\begin{center}
\AxiomC{$\Pi_L^a$}
\noLine
\UnaryInfC{$\Gamma_L, \Box \Gamma_L \vdash \varphi_i^L, \Box \Boxesi{i}^L, \Box A$}
\AxiomC{$\MD_R$}
\noLine
\UnaryInfC{$\Box A, \Box \Gamma_R \vdash \Box \Boxes^R$}
\RightLabel{Cut on $\Box A$}
\BinaryInfC{$\Gamma_L, \Box \Gamma_L, \Box \Gamma_R \vdash \varphi_i^L, \Box \Boxesi{i}^L, \Box \Boxes^R$}
\dashedLine
\RightLabel{Weakening-admissibility}
\UnaryInfC{$\mathcal{P}_L = \Gamma_L, \Box \Gamma_L, \Gamma_R, \Box \Gamma_R \vdash \varphi_i^L, \Box \Boxesi{i}^L, \Box \Boxes^R$}
\DisplayProof{}
\end{center}
To derive the sequents in $\mathcal{P}_R$, the induction hypothesis on level is used to cut $\mathcal{D}_L$ with all of the premises above the right S4.3$\Box$ in the original cut, with cut-formula $\Box A$. The induction on formula rank on $A$ is then used to cut the sequent resulting from $\Pi_L^b$ with all these new sequents. Finally, \ctra{} allows the removal of the extra copies of $\Box \Gamma$ and $\Box \Boxes^L$, and concludes the case.
\begin{center}
\AxiomC{$\Pi_L^b$}
\noLine
\UnaryInfC{$\Gamma_L, \Box \Gamma_L \vdash A, \Box \Boxes^L$}
\AxiomC{$\MD_L$}
\noLine
\UnaryInfC{$\Box \Gamma_L \vdash \Box \Boxes^L, \Box A$}
\AxiomC{$\Pi_R$}
\noLine
\UnaryInfC{$A, \Box A, \Gamma_R, \Box \Gamma_R \vdash \psi_k^R, \Box \Boxesi{k}^R$}
\RightLabel{Cut on $\Box A$}
\BinaryInfC{$\Box \Gamma_L, A, \Gamma_R, \Box \Gamma_R \vdash \Box \Boxes^L, \psi_k^R, \Box \Boxesi{k}^R$}
\RightLabel{Cut on $A$}
\BinaryInfC{$\Gamma_L, \Box \Gamma_L, \Box \Gamma_L, \Gamma_R, \Box \Gamma_R \vdash \Box \Boxes^L, \Box \Boxes^L, \psi_k^R, \Box \Boxesi{k}^R$}
\dashedLine
\RightLabel{Contraction-admissibility}
\UnaryInfC{$\mathcal{P}_R = \Gamma_L, \Box \Gamma_L, \Gamma_R, \Box \Gamma_R \vdash \Box \Boxes^L, \psi_k^R, \Box \Boxesi{k}^R$}
\DisplayProof{}
\end{center}
To conclude, the transformations above derive $\mathcal{P}_L$ and $\mathcal{P}_R$ while reducing cut-level or cut-rank. These are the premises of an instance of the S4.3$\Box$ rule which results in the conclusion of the original cut. This completes the \cuta{} proof.
\end{proof}
\section{The system GTD}
\label{s-gtd}
This section and the next describe Isabelle proofs of the
cut admissibility of the logic GTD described in \cite{mints-jaegerfest}
%
Axiomatically, GTD is $K$ with the additional axiom
$\Box A \Leftrightarrow \Box \Box A$.
The sequent inference rules involving $\Box$ are shown below:
$$
\frac{\wbx\Gamma, \Gamma \vdash A}{\Box \Gamma \vdash \Box A}
(\vdash\Box)
\qquad\qquad\qquad
\frac{\wbx\Gamma, \Gamma \vdash \Box A}{\Box \Gamma \vdash \Box A}
(\Box\vdash)
$$
% We first formalised $GTD$ as
% \texttt{glssc GTD}
% using a framework which had previously been applied to other logics.
% \texttt{GTD} means the rules involving $\Box$, and \texttt{glssc} refers to
% a set of classical logic rules, including explicit weakening and contraction
% rules.
% Our formalisation involves sequents consisting of multisets of formulae on
% either side of a turnstile.
% \begin{verbatim}
% datatype 'a sequent = Sequent "'a multiset" "'a multiset"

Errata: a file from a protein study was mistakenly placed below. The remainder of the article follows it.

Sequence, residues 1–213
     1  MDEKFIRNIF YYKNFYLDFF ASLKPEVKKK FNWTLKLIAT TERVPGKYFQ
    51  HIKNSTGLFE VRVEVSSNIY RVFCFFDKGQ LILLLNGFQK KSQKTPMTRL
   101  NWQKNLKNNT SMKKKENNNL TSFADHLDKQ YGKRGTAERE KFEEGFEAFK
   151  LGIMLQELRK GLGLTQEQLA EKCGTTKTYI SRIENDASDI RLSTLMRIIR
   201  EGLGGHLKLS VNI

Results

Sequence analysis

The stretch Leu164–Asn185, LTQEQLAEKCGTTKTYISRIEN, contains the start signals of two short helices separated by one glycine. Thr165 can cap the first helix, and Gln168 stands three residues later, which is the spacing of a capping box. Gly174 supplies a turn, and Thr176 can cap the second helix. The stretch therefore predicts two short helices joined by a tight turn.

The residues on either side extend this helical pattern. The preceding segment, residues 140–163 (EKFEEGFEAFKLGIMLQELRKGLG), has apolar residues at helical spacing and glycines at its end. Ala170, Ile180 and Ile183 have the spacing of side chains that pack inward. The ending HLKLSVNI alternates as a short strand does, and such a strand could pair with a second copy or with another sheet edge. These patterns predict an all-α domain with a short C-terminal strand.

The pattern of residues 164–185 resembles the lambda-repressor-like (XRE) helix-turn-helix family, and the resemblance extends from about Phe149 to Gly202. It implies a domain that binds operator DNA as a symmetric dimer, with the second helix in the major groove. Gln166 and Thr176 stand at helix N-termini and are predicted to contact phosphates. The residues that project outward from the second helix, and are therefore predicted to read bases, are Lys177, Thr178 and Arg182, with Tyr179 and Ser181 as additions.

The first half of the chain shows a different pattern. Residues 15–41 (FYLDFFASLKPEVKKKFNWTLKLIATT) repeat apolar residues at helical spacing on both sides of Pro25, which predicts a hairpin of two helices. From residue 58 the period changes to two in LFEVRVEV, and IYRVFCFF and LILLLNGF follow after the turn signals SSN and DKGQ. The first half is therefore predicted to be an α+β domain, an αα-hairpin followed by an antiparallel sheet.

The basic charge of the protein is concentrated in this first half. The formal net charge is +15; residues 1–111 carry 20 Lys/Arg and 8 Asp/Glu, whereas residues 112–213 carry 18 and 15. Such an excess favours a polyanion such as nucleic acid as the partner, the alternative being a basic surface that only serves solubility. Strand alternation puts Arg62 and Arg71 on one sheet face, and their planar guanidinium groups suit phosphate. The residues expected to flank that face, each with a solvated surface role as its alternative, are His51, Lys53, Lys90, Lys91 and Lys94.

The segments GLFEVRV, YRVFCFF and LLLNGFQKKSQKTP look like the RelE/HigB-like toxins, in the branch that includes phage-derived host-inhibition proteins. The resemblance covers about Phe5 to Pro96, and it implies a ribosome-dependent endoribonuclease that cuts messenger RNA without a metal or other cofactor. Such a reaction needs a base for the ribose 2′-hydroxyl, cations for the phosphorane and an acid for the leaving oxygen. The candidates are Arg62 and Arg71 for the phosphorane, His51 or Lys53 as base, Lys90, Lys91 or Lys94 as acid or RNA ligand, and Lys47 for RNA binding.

% \end{verbatim}
The above two rules are encoded as \texttt{GTD} shown below by
factoring out the form of $A$ as either $B$ or as $\wbx B$:
\begin{verbatim}
inductive "GTD" intros
I : "A = B | A = Box B ==>
([mset_map Box X + X |- {#A#}],
mset_map Box X |- {#Box B#}) : GTD"
\end{verbatim}
The second clause for \texttt{glssc} takes the rules in
\texttt{glne}\marginpar{This needs to be fixed!}
and adds a context (the same context) to the conclusion and \emph{all}
premises.
This means that the logical rules with two premises are of the context-sharing
form.
The following definitions explain this further where \verb!pscmap!
uniformly applies a function \verb!f! to each of the premises in the
list \verb!ps! and to the conclusion \verb!c!, while \verb!extend!
extends a given sequent \verb!seq! of the form $\Gamma \vdash \Delta$ with
a sequent \verb!XY! of the form $X \vdash Y$ built out of arbitrary
contexts $X$ and $Y$ to give the extended sequent \verb!seq + XY! of
the form $\Gamma, X \vdash \Delta, Y$:
% types
% 'a psc = "'a list * 'a" (* single step inference *)
% consts
% pscmap :: "('a => 'b) => 'a psc => 'b psc"
% (* extend a sequent by adding context to conclusion and premises *)
% extend :: "'a sequent => 'a sequent => 'a sequent"
\begin{verbatim}
primrec pscmap_def "pscmap f (ps, c) = (map f ps, f c)"
defs extend_def : "extend XY seq == seq + XY"
\end{verbatim}
% We reused some code from previous work in which the logical rules
% ($\vdash\lor$), ($\land\vdash$) and ($\vdash\lor$)
% were of the forms shown (without the context)
% $$
% \frac{A \vdash}{A \land B \vdash}
% \qquad
% \frac{B \vdash}{A \land B \vdash}
% \qquad
% \frac{\vdash A}{\vdash A \lor B }
% \qquad
% \frac{\vdash B}{\vdash A \lor B }
% \qquad
% \frac{A \vdash B}{\vdash A \to B }
% $$
% The rules used for classical logic (before extending them with a context)
% form the set \texttt{glne}: the rule sets
% \texttt{wkrls}, \texttt{ctrrls} $A$, \texttt{glil} and \texttt{glir}
% are the weakening rules, contraction (on $A$) rules, and the left and right
% logical introduction rules.
% \begin{verbatim}
% inductive "glne" (* rules before being extended *)